By Rabbi Tzvi Hersh Weinreb
The sixteenth day of Kislev, 5707, (November 29, 1947) was a difficult day for the Jewish people. It was the day of the U.N. decision to partition Palestine into Jewish and Arab territories, and the old yishuv in Jerusalem was under intermittent bombardment and sniper fire. Tel Aviv, the command center for the nascent state, was hopeful and alive with anticipation, but tense and anxious. The small Chassidic community there, remnants and survivors of the recently-ended war in Europe, had suffered a new, shocking loss: the sudden death of the Modzitzer Rebbe, the master composer of Chassidic melodies, whose music had promised to sooth their grief, and who had arrived from America, his wartime refuge, just a few months earlier.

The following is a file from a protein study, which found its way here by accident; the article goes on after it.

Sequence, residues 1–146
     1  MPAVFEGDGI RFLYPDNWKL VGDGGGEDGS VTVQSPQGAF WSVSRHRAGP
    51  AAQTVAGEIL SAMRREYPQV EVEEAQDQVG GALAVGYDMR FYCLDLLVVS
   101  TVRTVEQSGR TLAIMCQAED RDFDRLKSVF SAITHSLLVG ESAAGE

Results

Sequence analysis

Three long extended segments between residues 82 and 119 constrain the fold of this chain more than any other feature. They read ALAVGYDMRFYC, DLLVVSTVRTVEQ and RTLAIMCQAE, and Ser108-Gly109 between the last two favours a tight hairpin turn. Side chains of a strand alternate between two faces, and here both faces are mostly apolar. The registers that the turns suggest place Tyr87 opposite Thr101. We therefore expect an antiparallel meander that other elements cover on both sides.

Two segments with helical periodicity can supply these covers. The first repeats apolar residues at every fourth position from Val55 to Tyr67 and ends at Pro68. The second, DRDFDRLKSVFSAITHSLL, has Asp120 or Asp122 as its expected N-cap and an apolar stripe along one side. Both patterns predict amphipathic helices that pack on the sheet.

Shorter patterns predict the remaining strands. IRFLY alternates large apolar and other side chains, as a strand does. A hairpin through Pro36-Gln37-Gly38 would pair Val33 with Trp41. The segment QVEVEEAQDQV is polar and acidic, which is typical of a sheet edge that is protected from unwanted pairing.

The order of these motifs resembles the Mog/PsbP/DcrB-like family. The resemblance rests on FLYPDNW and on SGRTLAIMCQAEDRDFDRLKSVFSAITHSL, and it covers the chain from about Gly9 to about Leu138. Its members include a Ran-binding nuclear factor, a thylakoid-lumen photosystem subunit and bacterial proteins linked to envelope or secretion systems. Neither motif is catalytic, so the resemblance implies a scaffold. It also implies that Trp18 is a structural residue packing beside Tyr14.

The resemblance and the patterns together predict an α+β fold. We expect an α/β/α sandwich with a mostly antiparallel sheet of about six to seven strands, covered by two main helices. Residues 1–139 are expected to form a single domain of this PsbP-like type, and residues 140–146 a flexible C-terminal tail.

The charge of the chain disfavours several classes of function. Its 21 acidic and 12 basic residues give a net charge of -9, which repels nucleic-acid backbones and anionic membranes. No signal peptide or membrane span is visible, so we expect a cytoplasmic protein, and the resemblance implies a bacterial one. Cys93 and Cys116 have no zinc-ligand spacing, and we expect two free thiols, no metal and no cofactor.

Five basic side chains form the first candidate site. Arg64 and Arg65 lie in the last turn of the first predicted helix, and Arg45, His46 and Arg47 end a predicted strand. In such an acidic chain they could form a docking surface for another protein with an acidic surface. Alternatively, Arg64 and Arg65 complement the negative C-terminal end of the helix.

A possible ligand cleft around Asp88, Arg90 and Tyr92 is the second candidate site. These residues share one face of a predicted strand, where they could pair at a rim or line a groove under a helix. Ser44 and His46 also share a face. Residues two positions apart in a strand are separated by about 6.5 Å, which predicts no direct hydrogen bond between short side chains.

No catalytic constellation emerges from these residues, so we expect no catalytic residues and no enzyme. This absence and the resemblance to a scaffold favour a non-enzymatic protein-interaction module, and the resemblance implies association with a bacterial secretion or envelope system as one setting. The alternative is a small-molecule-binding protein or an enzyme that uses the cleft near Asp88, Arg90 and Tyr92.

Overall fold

In this dramatic environment of optimistic visions mingled with desperate fears, the Chassidim planned a fitting funeral for their beloved Rebbe. Knowing his love for Eretz Yisrael and particularly for Yerushalayim, they began to consider burial on Har Hazeisim. This plan was, however, fraught with danger: reports of attacks on Jews at the cemetery were already confirmed. An old Modzitzer Chassid made his way to Bnei Brak to consult the Chazon Ish, who felt confident that the Rebbe’s commitment to Eretz Yisrael would assure him the merit of a safe, undisturbed funeral. The procession made its way from Tel Aviv to Har Hazeisim, with fear and trepidation, but confident in the Chazon Ish’s assurances. The Rebbe was buried where he would have wished, the last person buried in that cemetery until it was recaptured almost 20 years later.